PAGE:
The site may contain archaeological deposits related to the original Sydney station yard and earlier occupation of the site. The building may reveal information on construction methods no longer in use and Victorian attitudes to the disposal of the dead.
SHR Criteria f)
The building is a unique example of an intact funeral station in Australia. It is probably the only remaining example of a mortuary station on the NSW railway network. Further research maybe required to determine if it is of national significance.
Integrity/Intactness: The Mortuary Railway Station is largely intact and retains a high level of integrity. The gardens have been reinstated more recently.
Assessment criteria: Items are assessed against the PDF State Heritage Register (SHR) Criteria to determine the level of significance. Refer to the Listings below for the level of statutory protection.

Recommended management:

1. Conservation principles: Conserve cultural heritage significance and minimise impacts on heritage values and fabric in accordance with the ‘Australia ICOMOS Charter for Places of Cultural Significance’. 2. Specialist advice: Seek advice from a qualified heritage specialist during all phases of a proposed project from feasibility, concept and option planning stage; detailed design; heritage approval and assessment; through to construction and finalisation. 3. Documentation: Prepare a Statement of Heritage Impact (SOHI) to assess, minimise and prevent heritage impacts as part of the assessment and approval phase of a project. Prepare a Conservation Management Plan (CMP) prior to proposing major works (such as new additions, change of use or proposed demolition) at all places of State significance and all complex sites of Local significance. 4. Maintenance and repair: Undertake annual inspections and proactive routine maintenance works to conserve heritage fabric in accordance with the ‘Minimum Standards of Maintenance & Repair’. 5. Movable heritage: Retain in situ and care for historic contents, fixtures, fittings, equipment and objects which contribute to cultural heritage significance. Return or reinstate missing features or relocated items where opportunities arise. 6. Aboriginal, archaeology and natural heritage: Consider all aspects of potential heritage significance as part of assessing and minimising potential impacts, including Aboriginal, archaeology and natural heritage. 7. Unidentified heritage items: Heritage inventory sheets do not describe or capture all contributory heritage items within an identified curtilage (such as minor buildings, structures, archaeology, landscape elements, movable heritage and significant interiors and finishes). Ensure heritage advice is sought on all proposed changes within a curtilage to conserve heritage significance. 8. Recording and register update: Record changes at heritage places through adequate project records and archival photography. Notify all changes to the Section 170 Heritage & Conservation Register administrator upon project completion.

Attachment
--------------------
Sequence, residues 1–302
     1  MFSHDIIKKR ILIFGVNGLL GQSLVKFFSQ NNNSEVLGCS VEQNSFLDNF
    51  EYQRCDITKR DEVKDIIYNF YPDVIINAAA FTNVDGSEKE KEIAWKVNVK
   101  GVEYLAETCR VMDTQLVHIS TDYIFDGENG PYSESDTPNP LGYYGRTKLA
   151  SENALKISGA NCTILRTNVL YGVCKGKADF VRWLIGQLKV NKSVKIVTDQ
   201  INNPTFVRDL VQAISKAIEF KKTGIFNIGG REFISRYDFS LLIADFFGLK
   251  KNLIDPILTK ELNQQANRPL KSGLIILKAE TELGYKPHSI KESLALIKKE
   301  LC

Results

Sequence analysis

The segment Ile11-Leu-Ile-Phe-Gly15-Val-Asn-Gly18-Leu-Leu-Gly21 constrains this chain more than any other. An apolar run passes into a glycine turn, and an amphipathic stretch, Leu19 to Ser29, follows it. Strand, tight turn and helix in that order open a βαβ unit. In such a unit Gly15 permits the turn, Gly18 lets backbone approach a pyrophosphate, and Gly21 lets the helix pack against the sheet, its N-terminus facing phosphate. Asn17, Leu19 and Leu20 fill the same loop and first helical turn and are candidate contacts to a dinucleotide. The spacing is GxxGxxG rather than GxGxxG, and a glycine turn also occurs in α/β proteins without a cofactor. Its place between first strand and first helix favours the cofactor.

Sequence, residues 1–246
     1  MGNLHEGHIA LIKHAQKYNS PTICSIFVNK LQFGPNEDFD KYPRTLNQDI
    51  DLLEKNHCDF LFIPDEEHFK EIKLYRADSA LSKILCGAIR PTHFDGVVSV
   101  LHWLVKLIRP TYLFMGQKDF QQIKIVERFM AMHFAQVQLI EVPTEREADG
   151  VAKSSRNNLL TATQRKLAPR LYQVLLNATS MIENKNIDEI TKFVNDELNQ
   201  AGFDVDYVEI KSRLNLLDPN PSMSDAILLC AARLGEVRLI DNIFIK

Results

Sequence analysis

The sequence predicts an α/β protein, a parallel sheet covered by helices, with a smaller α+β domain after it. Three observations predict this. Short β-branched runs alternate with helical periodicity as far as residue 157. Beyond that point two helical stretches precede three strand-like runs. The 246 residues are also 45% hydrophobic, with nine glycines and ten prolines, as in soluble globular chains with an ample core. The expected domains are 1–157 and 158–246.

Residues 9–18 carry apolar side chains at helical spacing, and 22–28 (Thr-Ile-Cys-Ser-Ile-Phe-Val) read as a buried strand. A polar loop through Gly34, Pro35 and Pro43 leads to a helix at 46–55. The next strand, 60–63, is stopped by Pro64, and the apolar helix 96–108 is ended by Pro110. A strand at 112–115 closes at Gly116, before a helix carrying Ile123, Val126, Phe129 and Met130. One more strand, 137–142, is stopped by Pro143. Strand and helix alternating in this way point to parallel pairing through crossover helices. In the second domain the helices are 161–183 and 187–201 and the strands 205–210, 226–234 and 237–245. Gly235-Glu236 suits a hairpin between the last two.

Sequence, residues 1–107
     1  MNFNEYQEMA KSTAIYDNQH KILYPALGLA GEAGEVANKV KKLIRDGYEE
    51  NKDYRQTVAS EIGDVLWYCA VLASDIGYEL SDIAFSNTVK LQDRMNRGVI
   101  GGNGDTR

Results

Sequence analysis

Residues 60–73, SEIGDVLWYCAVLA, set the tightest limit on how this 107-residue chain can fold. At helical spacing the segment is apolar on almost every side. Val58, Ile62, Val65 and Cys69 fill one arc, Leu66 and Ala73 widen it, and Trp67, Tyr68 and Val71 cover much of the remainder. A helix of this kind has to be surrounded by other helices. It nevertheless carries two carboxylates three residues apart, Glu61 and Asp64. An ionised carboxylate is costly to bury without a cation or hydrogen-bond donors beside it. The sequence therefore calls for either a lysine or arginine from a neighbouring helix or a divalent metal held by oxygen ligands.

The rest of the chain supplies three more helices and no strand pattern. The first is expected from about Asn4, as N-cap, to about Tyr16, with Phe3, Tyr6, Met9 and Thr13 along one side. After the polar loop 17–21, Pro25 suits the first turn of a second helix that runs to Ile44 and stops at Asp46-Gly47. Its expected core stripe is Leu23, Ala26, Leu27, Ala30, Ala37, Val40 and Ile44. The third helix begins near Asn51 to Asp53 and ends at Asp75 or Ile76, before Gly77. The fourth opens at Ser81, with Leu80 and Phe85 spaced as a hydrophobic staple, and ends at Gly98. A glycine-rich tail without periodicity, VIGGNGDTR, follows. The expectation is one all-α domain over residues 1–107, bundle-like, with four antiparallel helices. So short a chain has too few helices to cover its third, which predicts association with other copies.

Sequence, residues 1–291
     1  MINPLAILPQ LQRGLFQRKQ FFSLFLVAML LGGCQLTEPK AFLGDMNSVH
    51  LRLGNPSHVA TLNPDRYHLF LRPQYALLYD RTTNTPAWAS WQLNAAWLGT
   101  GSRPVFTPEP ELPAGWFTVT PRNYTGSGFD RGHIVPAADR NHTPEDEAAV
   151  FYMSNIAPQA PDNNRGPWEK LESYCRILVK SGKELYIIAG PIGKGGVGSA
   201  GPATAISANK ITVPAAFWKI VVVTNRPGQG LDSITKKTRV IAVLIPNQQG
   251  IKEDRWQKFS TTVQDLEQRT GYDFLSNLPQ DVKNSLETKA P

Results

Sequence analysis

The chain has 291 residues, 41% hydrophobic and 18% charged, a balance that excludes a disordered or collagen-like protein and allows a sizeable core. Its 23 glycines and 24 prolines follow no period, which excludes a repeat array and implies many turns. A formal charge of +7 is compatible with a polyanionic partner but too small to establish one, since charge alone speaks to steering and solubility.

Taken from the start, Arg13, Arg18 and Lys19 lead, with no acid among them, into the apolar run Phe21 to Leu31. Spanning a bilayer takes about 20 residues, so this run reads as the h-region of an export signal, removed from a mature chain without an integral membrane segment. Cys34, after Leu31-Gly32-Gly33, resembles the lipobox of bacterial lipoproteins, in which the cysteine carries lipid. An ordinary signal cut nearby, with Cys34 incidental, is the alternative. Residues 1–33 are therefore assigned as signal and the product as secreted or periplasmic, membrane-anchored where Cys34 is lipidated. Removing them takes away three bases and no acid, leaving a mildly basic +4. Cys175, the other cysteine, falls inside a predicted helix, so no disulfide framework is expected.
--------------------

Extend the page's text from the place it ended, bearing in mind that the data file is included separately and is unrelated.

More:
Heritage ListingListing TitleListing NumberGazette DateGazette NumberGazette Page
Heritage Act - s.170 NSW State agency heritage registerRailcorp S170 Register    

Study details

TitleYearNumberAuthorInspected byGuidelines used
S170 Heritage & Conservation Register Update2009 Godden Mackay Logan  Yes
Heritage Platforms Conservation Management Strategy2015 Australian Museum Consulting  Yes

References, internet links & images

TypeAuthorYearTitleInternet Links
Written  Register of the National Estate listing
Written  Heritage Conservation News. Vol. 2, no. 2 and vol. 7, no. 1.
Written  National Trust Listing
WrittenAnita Heiss Aboriginal People and Place, Barani: Indigenous History of Sydney City
WrittenCaldis Cook Group2010REF for Technical Repairs to Mortuary Railway Station
WrittenLester Firth & Murton (Firm)1981Mortuary Station restoration, Redfern, Sydney
WrittenMayne-Wilson & Associates.1998The Mortuary Station, Regent Street, Chippendale: Heritage curtilage study & visual assessment report
WrittenNoel Bell Ridley Smith & Partners1997Sydney Mortuary Terminal, Chippendale: Heritage curtilage study

Note: internet links may be to web pages, documents or images.

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Data source

The information for this entry comes from the following source:
Name: State Government
Database number: 4803219
File number: 2424246

Every effort has been made to ensure that information contained in the State Heritage Inventory is correct. If you find any errors or omissions please send your comments to the Database Manager.